Oregon Desert Trail from Flatiron Trailhead to Sand Springs: Thoughts and Learnings on Section 1

Last year after doing a trip in the Oregon Badlands Wilderness, I set the goal to start section hiking the Oregon Desert Trail.  On that trip, I completed a small portion from Tumulus Trailhead to Highway 20.  I had big ambitions in 2016 for doing more of the ODT, but was stymied by daunting logistics, particularly the lack of water, and options for a loop.  Without options for a loop or a shuttle, its kinda hard to pull it off.   I think its actually better to thru-hike it if you have the time.   I got lazy and just went to other places last year instead.

Recently, I was reading another persons trip report on the ODT, and they combined a section of the ODT with their own cross country bushwhack and hitchhiking to complete a loop.  I though this was brilliant, especially the hitchhiking part.  Its not like you can hail a taxi out there.

I planned to start at Hwy 20 at the Flatiron Trailhead and complete the portion of the ODT to Sand Springs.  I cached 2 gallons of water and food on top of Pine Mountain the evening before starting the hike.   Then my plan beyond Sand Springs was to hike NFS roads back up to Hwy 20, and hitchhiking if possible, but this is a pretty desolate area so I was prepared to slog it out.  Once I reached Hwy 20, I planned to hitchhike back towards the Oregon Badlands where my car was.

Here’s the planned route.  The yellow is the ODT portion, the red part is the walk along NFS roads to get back to Hwy 20.  The blue dotted line is the part I’m counting on for a hitch along hwy 20.

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Because desert hiking is still new to me, I planned a really comfortable pace in case I was super slow due to having to carry large amounts of water.  It really took the pressure off, but I underestimated my abilities.   I planned 3.5 days of hiking, but I completed the ODT portion in two, by pulling two solid 14+ mile days.  The day are long and I was capable of more than I thought.  After I loaded up with 10 liters of water at Sand Springs for the final slog, I ended up getting lucky and was able to hitch out, avoiding 13+ miles of shitty road walking.  Section 1 out of 25 is done 🙂

Day 1: 

This day I hiked up and around the back of Horse Ridge.  On an off trail portion I heard a cougar screaming for the first time in my life.   I then crossed the hot, flat, featureless Millican Valley.  I camped right at the foot of Pine Mountain, saving the 2000 ft climb for the morning.

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Day 2:

This day I hiked 2000 feet up Pine Mountain and picked up my water and food cache, rested a bit, and then descended down to the “Pumice Desert” as it is labelled on maps.  After this it was pretty smooth all the way to Sand Springs, although I had to constantly drink water to stay hydrated.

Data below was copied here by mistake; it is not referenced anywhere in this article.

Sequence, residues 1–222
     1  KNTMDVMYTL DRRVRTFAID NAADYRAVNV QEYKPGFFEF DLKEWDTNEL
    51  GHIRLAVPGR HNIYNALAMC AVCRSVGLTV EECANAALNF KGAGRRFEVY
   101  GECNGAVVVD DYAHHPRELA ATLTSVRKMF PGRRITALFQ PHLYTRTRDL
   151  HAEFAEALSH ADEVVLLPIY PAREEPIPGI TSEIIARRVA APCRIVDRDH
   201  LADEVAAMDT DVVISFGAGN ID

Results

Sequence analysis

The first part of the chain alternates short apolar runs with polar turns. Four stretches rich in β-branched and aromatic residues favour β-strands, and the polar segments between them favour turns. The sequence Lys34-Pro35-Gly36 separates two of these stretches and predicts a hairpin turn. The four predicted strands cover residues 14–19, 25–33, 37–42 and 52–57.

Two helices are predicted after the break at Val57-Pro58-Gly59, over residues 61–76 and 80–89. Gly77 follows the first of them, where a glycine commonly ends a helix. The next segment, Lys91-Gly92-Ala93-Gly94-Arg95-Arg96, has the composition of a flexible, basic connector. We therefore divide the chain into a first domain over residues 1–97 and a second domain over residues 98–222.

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Thoughts and Learnings

Water is crucial for this part of the ODT because it is so damn dry.  It is also incredibly heavy.  At the start of the trail I had 2 gallons of water in separate jugs and a .75 liter water bottle, putting my weight at around 36 pounds.  I drank or cooked with every bit of that water over the course of the first day and the next morning until I reached my cache at the top of Pine Mountain.  I cached another 2 gallons there thinking it would be dry all the way to Sand Springs.  However, Antelope and Pumice Springs on the way still had water, albeit gross and full of huge tadpoles and algae.  I was thankful to have to clean water to be honest.  If you want to do this trail, use ONDA’s guide so you can stay safe.  If you can, donate to ONDA, they’re doing a lot of good work out there and can use your support.

As far as gear goes I was all about sun protection for this trip.  I took my trusty straw hat, which is now shredded and in the compost bin.  I also took sun gloves to protect my hands.  Everything exposed was slathered in sunscreen.  The temps were in the high 70’s but it felt a lot hotter with all that weight.  Dirty Girl gaiters were crucial and worth every penny. Otherwise the sand and pumice would’ve ground my feet to shreds.  The sandy and pumice soil can be terrible to hike through and I got several blisters, so bring good moleskine or some other way to care for your blisters.  I cowboy camped, which I prefer in fair weather.  However, in the morning everything was completely covered in dew, especially my quilt.  It dried out pretty quick once that sun was out though.

Stay tuned for new trip reports

 

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2 thoughts on “Oregon Desert Trail from Flatiron Trailhead to Sand Springs: Thoughts and Learnings on Section 1

  1. Really enjoyed your last two posts (reptiles!). The desert is my favorite part of Oregon and I miss it so it’s great to see pics and here your stories. The writing is good, hope you keep at it.

    Sent from my iPhone

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